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SWIP It Good – Tracing the Path of Green Energy Through Wild Nevada

3 Min Read  /  Activism

Gb_storm3 Between southern Idaho’s I-84 and the portion of I-15 transecting Nevada’s southern tip stretches a vast, empty land – over 500 miles of mountains, sagebrush, and wild bunchgrass. The area is home to some of the lower 48’s loneliest corners; even today, it's crossed by only two major east-west routes. It has remained a region of vast sagebrush oceans, naked playas, and peaks soaring to 12- and 13,000 feet, and is home to huge herds of pronghorn, remnant elk populations tucked away in forgotten mountain ranges, and healthy holdouts of predators like bobcats and mountain lions. In its more level places, large tracts of high-desert grassland look much like they have for thousands of years, while the high folds of the ancient peaks shelter trees that began growing over 4000 years ago and continue to raise their wizened green limbs to the sky.

There are many reasons this region remains so sparsely inhabited, and the weather is a major one. Winds, unimpeded by obstacles, gain monstrous strength over the sweeping fetches between mountain ranges and whip the frequent snowstorms into vicious white-out fury. Springtime in the Great Basin and on the Snake River Plain is more a euphemism than a season. While warm, clear, sunny days aren’t uncommon during this time of year, it’s what happens between them that lends the vast region its character. Most of its valleys sit at near 6000 feet in elevation and the horizon is more often than not an unbroken line interrupted at random intervals by outcroppings of rock or the rare lone and struggling tree. The terrain here lies equally open to the warming spring sun and the hammering storms of a steely still-winter sky.

It’s through this region that a large-scale green energy project will be developed, the Southwest Intertie Project, which will carry renewable energy from the Midpoint Substation in north Jerome County, Idaho south to the Harry Allen Substation, just north of Las Vegas in Clark County, Nevada—and beyond. And it’s also through this region, at this meteorologically fickle time of year, that Adam Bradley will be walking alone and unsupported along the entire length of that proposed power line.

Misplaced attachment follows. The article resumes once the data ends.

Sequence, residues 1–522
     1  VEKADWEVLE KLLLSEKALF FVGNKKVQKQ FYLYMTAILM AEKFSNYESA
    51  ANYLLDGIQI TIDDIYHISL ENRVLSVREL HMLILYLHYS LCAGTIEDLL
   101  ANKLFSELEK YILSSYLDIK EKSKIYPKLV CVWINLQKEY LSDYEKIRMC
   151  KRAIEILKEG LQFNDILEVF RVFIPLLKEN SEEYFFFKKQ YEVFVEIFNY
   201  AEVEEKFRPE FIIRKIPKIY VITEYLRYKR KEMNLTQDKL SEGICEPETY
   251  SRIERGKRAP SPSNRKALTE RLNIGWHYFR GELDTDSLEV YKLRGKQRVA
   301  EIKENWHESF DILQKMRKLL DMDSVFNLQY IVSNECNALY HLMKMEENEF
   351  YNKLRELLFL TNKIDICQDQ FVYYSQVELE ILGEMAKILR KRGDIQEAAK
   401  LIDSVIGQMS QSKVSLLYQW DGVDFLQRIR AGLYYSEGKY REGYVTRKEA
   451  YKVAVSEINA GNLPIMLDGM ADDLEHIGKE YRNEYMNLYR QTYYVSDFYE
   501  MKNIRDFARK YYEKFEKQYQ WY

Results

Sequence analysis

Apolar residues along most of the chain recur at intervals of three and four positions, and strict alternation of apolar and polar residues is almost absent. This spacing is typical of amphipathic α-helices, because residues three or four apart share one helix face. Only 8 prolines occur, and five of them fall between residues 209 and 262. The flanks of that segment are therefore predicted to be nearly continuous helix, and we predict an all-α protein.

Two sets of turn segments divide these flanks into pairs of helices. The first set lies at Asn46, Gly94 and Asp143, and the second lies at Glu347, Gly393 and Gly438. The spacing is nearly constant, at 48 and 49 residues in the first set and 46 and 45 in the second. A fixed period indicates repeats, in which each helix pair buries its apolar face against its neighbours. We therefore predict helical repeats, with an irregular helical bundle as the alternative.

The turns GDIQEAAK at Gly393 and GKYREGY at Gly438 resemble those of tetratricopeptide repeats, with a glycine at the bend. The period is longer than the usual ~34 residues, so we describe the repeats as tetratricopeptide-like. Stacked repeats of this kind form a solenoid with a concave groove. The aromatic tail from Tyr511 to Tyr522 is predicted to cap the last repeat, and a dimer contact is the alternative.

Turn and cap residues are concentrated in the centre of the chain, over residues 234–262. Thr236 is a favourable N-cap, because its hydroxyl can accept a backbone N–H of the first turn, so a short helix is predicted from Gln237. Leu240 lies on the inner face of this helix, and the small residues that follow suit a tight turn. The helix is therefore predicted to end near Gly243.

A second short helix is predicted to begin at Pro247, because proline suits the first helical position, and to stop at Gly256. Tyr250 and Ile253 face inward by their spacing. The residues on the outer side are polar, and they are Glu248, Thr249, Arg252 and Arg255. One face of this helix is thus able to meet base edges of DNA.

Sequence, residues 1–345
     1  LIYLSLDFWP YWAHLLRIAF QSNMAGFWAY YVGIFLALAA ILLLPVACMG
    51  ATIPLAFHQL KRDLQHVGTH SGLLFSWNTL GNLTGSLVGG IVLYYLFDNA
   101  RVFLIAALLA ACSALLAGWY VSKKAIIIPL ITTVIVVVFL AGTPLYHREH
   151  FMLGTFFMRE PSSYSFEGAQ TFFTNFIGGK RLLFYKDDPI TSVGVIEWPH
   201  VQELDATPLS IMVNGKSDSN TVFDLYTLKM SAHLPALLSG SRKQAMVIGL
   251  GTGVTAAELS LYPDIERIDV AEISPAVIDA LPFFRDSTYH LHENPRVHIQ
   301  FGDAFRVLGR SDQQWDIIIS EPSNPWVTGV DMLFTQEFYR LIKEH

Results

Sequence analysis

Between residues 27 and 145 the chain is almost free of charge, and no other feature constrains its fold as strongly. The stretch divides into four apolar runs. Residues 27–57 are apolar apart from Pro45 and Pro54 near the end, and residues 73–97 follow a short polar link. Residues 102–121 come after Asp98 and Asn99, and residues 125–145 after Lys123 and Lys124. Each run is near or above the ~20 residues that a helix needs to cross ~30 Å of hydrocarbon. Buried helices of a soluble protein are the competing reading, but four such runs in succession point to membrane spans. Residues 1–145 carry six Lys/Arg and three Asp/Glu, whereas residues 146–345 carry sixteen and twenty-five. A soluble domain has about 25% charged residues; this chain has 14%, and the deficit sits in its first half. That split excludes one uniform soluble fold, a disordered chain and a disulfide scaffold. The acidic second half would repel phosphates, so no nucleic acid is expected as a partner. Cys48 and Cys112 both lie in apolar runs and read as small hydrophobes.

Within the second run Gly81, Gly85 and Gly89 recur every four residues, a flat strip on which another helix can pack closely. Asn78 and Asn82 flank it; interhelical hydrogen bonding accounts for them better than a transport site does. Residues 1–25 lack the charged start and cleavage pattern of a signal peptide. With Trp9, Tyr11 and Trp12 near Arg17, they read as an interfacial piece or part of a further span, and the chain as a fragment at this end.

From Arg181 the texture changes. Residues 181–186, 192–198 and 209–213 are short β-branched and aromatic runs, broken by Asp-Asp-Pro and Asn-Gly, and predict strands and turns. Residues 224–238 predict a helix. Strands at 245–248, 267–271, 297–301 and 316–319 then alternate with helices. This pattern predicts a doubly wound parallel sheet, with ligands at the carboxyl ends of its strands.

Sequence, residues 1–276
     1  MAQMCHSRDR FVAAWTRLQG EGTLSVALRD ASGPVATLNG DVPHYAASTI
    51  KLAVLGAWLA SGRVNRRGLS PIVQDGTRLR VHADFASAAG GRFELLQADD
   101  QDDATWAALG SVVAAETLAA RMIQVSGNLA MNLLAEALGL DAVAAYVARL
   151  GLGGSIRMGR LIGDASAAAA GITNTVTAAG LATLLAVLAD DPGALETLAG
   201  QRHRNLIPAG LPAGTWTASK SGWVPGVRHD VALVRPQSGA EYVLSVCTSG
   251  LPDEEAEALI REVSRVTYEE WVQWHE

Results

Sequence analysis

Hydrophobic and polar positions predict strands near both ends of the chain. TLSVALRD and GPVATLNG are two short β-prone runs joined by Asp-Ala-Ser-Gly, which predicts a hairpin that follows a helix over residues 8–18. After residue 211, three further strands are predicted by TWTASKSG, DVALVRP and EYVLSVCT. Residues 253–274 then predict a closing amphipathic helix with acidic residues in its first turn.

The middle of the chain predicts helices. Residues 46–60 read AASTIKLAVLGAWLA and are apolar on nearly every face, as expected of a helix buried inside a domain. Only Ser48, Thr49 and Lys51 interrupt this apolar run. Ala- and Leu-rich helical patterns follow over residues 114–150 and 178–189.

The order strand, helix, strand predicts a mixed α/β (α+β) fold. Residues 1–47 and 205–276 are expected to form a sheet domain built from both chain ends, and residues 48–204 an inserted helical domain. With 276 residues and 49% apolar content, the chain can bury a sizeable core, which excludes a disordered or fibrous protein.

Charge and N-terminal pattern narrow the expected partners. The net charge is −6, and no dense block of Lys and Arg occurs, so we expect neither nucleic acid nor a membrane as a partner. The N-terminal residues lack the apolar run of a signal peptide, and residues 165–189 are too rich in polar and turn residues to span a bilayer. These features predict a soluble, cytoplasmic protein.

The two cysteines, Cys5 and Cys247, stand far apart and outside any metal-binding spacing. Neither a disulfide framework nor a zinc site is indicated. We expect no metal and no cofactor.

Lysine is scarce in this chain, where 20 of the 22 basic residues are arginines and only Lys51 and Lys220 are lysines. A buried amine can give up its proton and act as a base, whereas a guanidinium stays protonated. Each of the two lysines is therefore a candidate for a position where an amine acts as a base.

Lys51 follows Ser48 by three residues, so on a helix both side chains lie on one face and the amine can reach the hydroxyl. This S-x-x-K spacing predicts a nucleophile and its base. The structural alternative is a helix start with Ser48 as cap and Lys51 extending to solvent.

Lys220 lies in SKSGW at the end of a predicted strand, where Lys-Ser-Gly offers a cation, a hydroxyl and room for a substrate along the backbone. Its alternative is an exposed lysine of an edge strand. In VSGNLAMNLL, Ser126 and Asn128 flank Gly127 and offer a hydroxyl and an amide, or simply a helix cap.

[A typical spring storm bears down on the eastern flank of the Schell Creek Range in the eastern Great Basin. Photo: localcrew]

AdamJohn_small Because the project will create inevitable changes to the landscape of Eastern Nevada, the Nevada Wilderness Project has made a point to be involved from the very beginning, making it a key component of their "smart from the start" approach to conservation and green-energy development. The group recognizes the importance of clean energy development and is seeking to use their expertise to ensure these projects are designed in a way that promotes the health of local economies without sacrificing the health of wilderness quality land and wildlife populations.

Because NWP sees the SWIP as having the potential to be the “backbone” of Nevada’s new clean energy economy, they've been working closely with Great Basin Transmission on everything from the location of the power line route to the design of their towers. A recent article from the Las Vegas Review-Journal highlights this uncommon collaboration of energy developers and conservation groups, highlighting the developer-funded research of their project's potential impacts on sensitive wildlife habitat. 

Cleanest Line readers will recognize Adam Bradley's name as the Patagonia employee who set the latest speed record on the Pacific Crest Trail, completing the entire 2655-mile route in just over 65 days. Adam will be keeping in touch with the NWP crew throughout his hike and we'll be looking forward to hosting his updates here. His hike starts this Thursday in commemoration of the 40th anniversary of Earth Day. He aims to complete his 501 mile walk in approximately 15 days, averaging just about 33 miles per day.

[Thru-hiker Adam Bradley and Nevada Wilderness Project specialist John Tull survey a portion of the SWIP route. Laid out to highlight the full route Adam will be hiking, the maps cover 26 feet. Photo: Charlotte Overby]

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